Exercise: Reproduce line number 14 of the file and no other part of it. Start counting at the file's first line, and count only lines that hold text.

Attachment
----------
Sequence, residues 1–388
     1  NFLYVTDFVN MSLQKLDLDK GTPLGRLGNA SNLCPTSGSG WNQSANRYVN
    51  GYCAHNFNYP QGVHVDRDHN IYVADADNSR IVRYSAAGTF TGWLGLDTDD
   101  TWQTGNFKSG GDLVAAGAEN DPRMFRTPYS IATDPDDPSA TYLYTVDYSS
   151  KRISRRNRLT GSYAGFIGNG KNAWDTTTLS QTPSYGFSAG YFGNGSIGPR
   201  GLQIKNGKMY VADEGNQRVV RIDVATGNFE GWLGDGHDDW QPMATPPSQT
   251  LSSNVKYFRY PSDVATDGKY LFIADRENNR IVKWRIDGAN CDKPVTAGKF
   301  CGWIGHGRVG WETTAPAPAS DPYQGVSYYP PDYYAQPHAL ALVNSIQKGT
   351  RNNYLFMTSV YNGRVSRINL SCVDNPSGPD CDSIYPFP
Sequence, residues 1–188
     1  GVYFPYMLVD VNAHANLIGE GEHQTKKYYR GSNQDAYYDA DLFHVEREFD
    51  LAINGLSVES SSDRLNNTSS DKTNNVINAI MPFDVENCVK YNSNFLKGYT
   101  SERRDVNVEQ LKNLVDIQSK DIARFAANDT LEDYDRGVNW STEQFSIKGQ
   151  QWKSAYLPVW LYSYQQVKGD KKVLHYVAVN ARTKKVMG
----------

   151  QWKSAYLPVW LYSYQQVKGD KKVLHYVAVN ARTKKVMG